University of Virginia associate nursing professors Marianne Baernholdt and Karen Rose will be initiated as fellows of the American Academy of Nursing in a ceremony this fall at the academy’s annual meeting in Washington, D.C.
Baernholdt, who teaches, oversees the School of Nursing’s new Rural and Global Health Care Center and directs the school’s global initiatives and study-abroad programs, has been at U.Va. since 2005. Rose, who teaches, directs the school’s BSN program and conducts research related to Alzheimer’s disease, has been at U.Va. since 2006. Together, they are the 19th and 20th fellows in U.Va.’s School of Nursing.
The nation’s 2,068 American Academy of Nursing fellows – chosen from among the 3.2 million nurses in the U.S. – include nursing leaders in education, management, practice and research. The distinction, among the highest honors a nurse may receive, is awarded annually to a select few who are invited to receive academy recognition. Fellows also commit their time and energy to the academy, engaging with other health care leaders to transform the American health care system.
Rose earned her Ph.D. in nursing from U.Va., her master’s degree from Virginia Commonwealth University and her bachelor’s degree from Shenandoah University. Before becoming a researcher and advocate for those affected by Alzheimer’s disease, she completed post-doctoral training in gerontology with support from the John A. Hartford Foundation. Director of the school’s baccalaureate program since 2011, she came to U.Va. after teaching at James Madison University, the Virginia Geriatric Education Center and the Central and Western Virginia Alzheimer’s Association. Rose also worked as a clinician at the U.Va.. Medical Center, Henrico Doctors Hospital in Richmond, Middlesex General University Hospital in New Brunswick, N.J., and the Winchester Memorial Hospital in Winchester.
Between 2010 and 2012, Rose received the Faculty Publication Excellence Award, the Reynolds Distinguished Research Award, the Jeanette Lancaster Award for Faculty Development and the Innovative Teaching Award. In 2012, Rose received a $428,000 National Institutes of Health grant to study the link between nighttime agitation and urinary incontinence among people living with Alzheimer’s disease.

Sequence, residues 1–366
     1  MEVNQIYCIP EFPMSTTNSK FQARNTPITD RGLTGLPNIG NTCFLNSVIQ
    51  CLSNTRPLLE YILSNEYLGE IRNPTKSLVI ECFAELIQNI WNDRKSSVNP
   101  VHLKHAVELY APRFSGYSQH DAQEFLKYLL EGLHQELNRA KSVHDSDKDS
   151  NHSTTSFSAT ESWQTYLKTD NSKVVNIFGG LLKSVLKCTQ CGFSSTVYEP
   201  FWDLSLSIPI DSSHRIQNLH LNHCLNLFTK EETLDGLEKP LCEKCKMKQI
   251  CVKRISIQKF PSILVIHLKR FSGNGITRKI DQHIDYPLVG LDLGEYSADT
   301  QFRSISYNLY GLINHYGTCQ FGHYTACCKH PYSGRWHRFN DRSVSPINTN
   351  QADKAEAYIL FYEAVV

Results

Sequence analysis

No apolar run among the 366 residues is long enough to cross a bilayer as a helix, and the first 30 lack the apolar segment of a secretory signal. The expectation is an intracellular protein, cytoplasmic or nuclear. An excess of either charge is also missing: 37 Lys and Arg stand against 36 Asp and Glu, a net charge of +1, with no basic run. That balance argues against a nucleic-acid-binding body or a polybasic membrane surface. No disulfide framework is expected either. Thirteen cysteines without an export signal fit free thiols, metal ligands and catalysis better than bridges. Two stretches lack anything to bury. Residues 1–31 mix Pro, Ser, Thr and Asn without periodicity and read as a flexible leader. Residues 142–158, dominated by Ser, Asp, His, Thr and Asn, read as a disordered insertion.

Baernholdt received her undergraduate degree from Bispebjerg School of Nursing in Copenhagen, Denmark, her bachelor of science in nursing from Pace University in New York, master’s degrees in public health and nursing from Columbia University and her Ph.D. from the University of Pennsylvania. She was a post-doctoral fellow at University of North Carolina, Chapel Hill’s School of Nursing, where she studied health care quality and patient outcomes. Prior to her appointment at U.Va., Baernholdt taught at Cedar Crest College Department of Nursing in Allentown, Pa. and at Pima Community College in Tucson, Ariz., and was a critical care nurse at St. Luke’s Hospital in Bethlehem, Pa., at New York City’s Mt. Sinai Hospital and at the University Medical Center in Tucson.
Baernholdt received the Clinical Nurse Leader class of 2011’s Outstanding Faculty Award, the Outstanding Faculty Research Publication Award in 2011 and the Innovative Teaching Award in 2010. The School of Nursing Alumni Association awarded her the 2009 Excellence in Teaching Award, the same year she received a Lanford Research Award and a nomination for U.Va.’s Teaching Award. She is part of a National Institutes of Health training grant for the Water and Health in Limpopo project, organized by U.Va.’s Center for Global Health.
Baernholdt and Rose will be among those initiated as fellows of the academy at its 40th annual meeting and conference, to be held Oct. 17 to 19 at the Hyatt Regency on Capitol Hill in Washington.